SOAP Transformation With Apache Camel Java DSL
Got a bunch of SOAP services staring you in the face? Fear not!
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One of the most common issues that we usually tackle with customers when modernizing legacy integrations is when they have a collection of legacy SOAP web services that don't integrate well enough with the modern RESTful-based clients.
In this article, we are going to use Apache Camel to build a REST endpoint that will translate REST calls to a SOAP envelope, get the response, and send it back to the client.
Apache Camel is a popular open-source integration framework with lots of features and a diverse ecosystem of plugins and libraries. That said, this implementation is a case of Message Transformation. To be more specific, this is a use case of the Normalizer pattern.
The code for this implementation is available on GitHub.
First Things First
If we're going to translate a SOAP service, first we need a SOAP service. For this example, we're going to use Learn Web Services' Temp Converter Service available at this link.
Maven Is Your Friend
Now, we don't actually need to write all the code that is needed to interact with a SOAP web service. We can use the Apache CXF CodeGen Plugin to create the source code from the WSDL. To do that, you just need to add the plugin to the pom.xml
And then run
mvn generate-sources. This will generate all the necessary boilerplate code under the target folder for Camel to interact with the SOAP endpoints.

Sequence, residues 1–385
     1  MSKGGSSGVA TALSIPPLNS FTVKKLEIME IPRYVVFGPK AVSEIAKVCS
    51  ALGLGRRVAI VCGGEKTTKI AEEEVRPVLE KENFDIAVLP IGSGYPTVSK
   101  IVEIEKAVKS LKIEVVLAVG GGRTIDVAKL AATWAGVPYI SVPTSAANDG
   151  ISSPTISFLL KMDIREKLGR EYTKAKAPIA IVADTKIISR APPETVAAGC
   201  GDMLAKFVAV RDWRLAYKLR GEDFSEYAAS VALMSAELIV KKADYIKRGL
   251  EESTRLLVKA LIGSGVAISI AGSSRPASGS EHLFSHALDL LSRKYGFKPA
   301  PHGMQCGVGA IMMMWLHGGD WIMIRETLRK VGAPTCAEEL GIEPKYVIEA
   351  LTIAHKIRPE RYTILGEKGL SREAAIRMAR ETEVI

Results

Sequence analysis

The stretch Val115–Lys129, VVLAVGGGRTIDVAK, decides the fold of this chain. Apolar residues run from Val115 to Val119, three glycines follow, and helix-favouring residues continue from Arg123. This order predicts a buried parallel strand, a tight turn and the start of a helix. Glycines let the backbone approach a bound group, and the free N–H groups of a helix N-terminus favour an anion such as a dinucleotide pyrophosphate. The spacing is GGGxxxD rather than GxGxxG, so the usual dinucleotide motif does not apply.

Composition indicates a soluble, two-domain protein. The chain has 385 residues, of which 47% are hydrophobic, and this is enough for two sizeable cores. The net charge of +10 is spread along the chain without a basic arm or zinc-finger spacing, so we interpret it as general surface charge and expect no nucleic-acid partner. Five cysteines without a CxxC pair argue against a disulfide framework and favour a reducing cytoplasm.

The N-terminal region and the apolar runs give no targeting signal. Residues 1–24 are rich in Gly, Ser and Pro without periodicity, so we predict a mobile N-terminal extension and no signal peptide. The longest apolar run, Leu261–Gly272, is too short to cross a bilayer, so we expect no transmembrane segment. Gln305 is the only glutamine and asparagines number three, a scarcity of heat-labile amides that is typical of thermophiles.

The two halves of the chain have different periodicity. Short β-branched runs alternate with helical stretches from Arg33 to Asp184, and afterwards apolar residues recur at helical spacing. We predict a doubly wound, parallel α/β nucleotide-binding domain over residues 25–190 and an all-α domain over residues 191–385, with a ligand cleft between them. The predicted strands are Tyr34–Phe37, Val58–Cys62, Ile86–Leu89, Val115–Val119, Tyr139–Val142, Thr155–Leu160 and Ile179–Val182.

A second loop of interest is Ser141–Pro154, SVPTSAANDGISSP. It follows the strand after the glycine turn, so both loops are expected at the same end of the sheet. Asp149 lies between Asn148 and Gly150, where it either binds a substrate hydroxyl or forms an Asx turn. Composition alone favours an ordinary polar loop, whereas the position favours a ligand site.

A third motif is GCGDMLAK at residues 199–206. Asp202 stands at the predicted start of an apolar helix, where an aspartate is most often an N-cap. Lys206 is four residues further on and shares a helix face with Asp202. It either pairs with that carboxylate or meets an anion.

To make use of autocompletion resources in IDEs, you can, in Eclipse, right-click -> Build Path -> Use as Source Folder.
Talk Is Cheap, Show Me the Code
We're going to use Spring Boot Starter to make life easier for us, so we just need to annotate to create our beans. The first bean that we will create is the Apache CXF Soap Endpoint config. This bean is going to be responsible for making the request and gathering the response.
With this, we're ready to finally go into some Camel code.
Let's build a route that will consume a parameter exposed by a REST service.
Let's break down the code above.
We have two processors, one to create the complex object that will be sent as a SOAP envelope, and one to get the response envelope to an object.
On these two lines below, we get the temperature in Celsius to convert to Fahrenheit.
Now we set two headers — the namespace and the operation name. For more information about SOAP and its building blocks, I recommend this link from W3Schools.
All these values are configured in the application.properties file.
Now we send our request and gather the response:
You may be asking yourself "Ok, we have the Camel route, but how are we going to send the Celsius temperature that we want to convert?" Well, now enters the REST endpoint configuration.
And we're finally done. With this article, I hope that some light can be shed on how to reuse some old SOAP-based web services without rewriting them. And with this Apache Camel approach, we can always apply more patterns to maybe enrich or send the information to multiple destinations, for example.
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